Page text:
Sorting With Control Flow - help Oops, try again. It looks like your method doesn't default to alphabetizing an array when it doesn't receive a second parameter


#1

def alphabetize(arr, rev=false)
if rev
arr.sort { |item1, item2| item2 <=> item1 }
else
arr.reverse! { |item1, item2| item1 <=> item2 }
end
end
numbers = [3, 9, 7, 4, 1]
puts "1-10: #{alphabetize(numbers)}"
puts "10-1: #{alphabetize(numbers, true)}"


#2

Found the answer here http://discuss.codecademy.com/t/part-5-small-bug-problem-with-arr-sort/1139

Just return arr after the if block.


#3

I have that person's problem. this is the code which I USED your solution on:

def alphabetize(arr, rev = false)
if rev
arr.sort! { |item1, item2| item2 <=> item1 }
return arr
else
arr.sort! { |item1, item2| item1 <=> item2 }
return arr
end
puts arr
end

numbers = [42, 1816, 43, 141, 1680, 678, 244]
alphabetize(numbers, true)

Is there anything wrong with this?
:rage:


#4

I guess your "puts arr" will never be executed, as the alphabetize method will return in any of your if/else before that.
You should try removing the returns in the if/else, put it in place of your "puts arr", and move your "puts arr" outside of the method, at the end of the program.


#6

What should the code look like after that?
because my code looks like this:

def alphabetize(arr, rev = false)
if rev == true
arr.sort! { |item1, item2| item2 <=> item1 }
else
arr.sort! { |item1, item2| item1 <=> item2 }
end
puts arr
end

numbers = [42, 1816, 43, 141, 1680, 678, 244]
alphabetize(numbers)

It returns this on the console:
42
43
141
244
678
1680
1816
nil

and this is the error message:
Oops, try again. It looks like your method doesn't default to alphabetizing an array when it doesn't receive a second parameter.

:rage:


#7

First I tried to just return arr, then (outside of alphabetize) puts numbers:

def alphabetize(arr, rev = false)
    if rev == true
        arr.sort! { |item1, item2| item2 <=> item1 }
    else
        arr.sort! { |item1, item2| item1 <=> item2 }
    end
    arr
end

numbers = [42, 1816, 43, 141, 1680, 678, 244]
alphabetize(numbers)
puts(numbers)

This will give another error:

It looks like you didn't use the .reverse! method.

So, with using reverse! this is:

def alphabetize(arr, rev = false)
    arr.sort! { |item1, item2| item1 <=> item2 }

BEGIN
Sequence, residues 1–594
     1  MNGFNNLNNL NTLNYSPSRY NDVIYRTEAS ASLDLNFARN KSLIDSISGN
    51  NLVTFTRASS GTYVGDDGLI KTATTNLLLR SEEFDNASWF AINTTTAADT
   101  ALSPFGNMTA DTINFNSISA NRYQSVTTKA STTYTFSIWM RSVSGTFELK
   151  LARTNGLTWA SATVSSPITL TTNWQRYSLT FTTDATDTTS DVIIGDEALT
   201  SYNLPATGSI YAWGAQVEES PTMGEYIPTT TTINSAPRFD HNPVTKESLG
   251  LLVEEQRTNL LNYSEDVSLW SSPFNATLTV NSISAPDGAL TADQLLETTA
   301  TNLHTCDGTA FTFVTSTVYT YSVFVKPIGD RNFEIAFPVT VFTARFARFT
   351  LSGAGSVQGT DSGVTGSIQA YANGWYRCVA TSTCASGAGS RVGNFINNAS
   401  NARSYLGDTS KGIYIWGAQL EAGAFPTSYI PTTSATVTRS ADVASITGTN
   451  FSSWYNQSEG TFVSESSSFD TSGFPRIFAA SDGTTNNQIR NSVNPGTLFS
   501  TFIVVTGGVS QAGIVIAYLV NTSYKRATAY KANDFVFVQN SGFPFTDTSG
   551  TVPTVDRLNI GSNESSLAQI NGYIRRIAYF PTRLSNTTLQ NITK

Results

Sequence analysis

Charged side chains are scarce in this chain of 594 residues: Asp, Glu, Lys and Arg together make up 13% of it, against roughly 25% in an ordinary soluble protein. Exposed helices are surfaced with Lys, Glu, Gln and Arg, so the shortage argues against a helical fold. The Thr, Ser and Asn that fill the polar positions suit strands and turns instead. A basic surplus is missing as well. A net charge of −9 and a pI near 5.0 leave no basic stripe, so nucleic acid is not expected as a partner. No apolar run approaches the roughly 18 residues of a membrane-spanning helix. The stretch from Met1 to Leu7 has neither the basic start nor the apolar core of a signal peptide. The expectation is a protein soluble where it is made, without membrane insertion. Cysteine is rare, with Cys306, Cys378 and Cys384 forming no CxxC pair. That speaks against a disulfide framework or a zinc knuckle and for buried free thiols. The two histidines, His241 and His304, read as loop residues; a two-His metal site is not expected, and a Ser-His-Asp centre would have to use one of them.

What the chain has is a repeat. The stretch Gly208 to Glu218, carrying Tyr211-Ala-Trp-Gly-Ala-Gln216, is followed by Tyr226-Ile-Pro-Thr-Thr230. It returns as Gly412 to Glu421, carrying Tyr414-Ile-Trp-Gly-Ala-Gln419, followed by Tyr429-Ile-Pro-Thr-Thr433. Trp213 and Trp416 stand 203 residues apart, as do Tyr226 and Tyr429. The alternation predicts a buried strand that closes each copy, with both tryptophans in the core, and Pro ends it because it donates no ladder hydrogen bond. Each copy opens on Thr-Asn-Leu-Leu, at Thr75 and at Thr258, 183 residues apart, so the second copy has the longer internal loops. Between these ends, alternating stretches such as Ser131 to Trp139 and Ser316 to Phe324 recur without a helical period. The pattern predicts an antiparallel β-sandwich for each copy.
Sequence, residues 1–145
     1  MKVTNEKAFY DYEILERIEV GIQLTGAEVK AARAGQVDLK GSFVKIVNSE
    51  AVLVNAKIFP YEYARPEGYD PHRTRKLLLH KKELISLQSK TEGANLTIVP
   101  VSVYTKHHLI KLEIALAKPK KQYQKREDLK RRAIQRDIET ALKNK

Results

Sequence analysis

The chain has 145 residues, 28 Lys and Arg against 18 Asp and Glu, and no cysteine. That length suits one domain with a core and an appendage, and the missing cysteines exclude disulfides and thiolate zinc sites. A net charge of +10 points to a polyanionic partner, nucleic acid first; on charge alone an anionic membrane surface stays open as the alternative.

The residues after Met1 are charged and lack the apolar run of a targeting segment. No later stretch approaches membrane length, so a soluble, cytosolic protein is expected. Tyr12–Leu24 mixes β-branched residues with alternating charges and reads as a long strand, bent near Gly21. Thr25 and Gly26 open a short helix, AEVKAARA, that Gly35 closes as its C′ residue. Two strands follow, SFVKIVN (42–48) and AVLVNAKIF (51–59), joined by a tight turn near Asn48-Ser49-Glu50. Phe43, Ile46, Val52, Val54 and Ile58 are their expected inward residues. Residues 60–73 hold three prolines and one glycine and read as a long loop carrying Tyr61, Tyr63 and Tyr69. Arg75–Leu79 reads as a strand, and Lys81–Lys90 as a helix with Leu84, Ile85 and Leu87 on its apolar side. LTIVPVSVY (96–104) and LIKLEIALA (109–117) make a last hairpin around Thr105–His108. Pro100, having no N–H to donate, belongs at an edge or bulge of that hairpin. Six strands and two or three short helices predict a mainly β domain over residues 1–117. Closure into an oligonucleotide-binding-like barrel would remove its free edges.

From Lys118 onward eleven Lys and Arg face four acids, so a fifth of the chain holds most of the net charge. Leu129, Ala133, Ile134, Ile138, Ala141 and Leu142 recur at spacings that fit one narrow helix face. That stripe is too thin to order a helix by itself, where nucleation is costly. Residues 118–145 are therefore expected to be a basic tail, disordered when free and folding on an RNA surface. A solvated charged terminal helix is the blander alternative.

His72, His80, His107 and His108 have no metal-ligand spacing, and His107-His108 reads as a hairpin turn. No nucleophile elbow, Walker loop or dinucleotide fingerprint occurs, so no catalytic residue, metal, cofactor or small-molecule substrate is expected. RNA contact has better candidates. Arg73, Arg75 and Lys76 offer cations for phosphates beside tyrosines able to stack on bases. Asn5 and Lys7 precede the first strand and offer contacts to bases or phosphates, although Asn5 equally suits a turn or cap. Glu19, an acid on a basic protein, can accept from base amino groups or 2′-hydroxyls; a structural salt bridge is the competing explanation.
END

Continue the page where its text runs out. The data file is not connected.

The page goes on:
if rev
        arr.reverse!
    end
    arr
end

numbers = [42, 1816, 43, 141, 1680, 678, 244]
alphabetize(numbers)
puts(numbers)

And this is working.
On a side note, this could be shorten like this:

def alphabetize(arr, rev=false)
    rev ? arr.sort!.reverse! : arr.sort!
end

There is actually no need for the <=> thing


#8

This is more related to the section before it but it may also help here:
I told the method to return arr and then puts numbers at the end after calling the method. I assume this passes the modified arr (since it's using .sort!) to the local variable numbers and then puts the modified numbers array.


#9

is there a reason why

def alphabetize(arr, rev=false)
  arr.sort!
  if rev
    arr.reverse!
  end
end

wouldn't work? Seems a lot more elegant than the accepted solution.


#10

I'm not sure if below is right code, but I got passed the lesson.

def alphabetize(arr, rev=false)
arr.sort!
if rev==true
arr.reverse!
end
numbers = [2, 4, 6, 7]
alphabetize(numbers)
puts numbers
end


#11

in the first example they had the 2nd "end" before the "def" line.
when formatting for this assignment, it would not succeed until after I moved "end" to the very end.

def alphabetize(arr, rev=false)
arr.sort!
if rev==true
arr.reverse!
end

original location for end

numbers=[1, 9, 3, 7, 5]

alphabetize(numbers)
puts numbers
end

^-- where the assignment accepted the "end" statement

anyone have an idea as to why?


#12

I was able to get it working with return as well, but I find that a little odd in this case since in part 5 you are instructed to sort and reverse with !, which modifies the original array instead of creating a new one. so if your puts statement is outside the method, it works as designed without a return statement.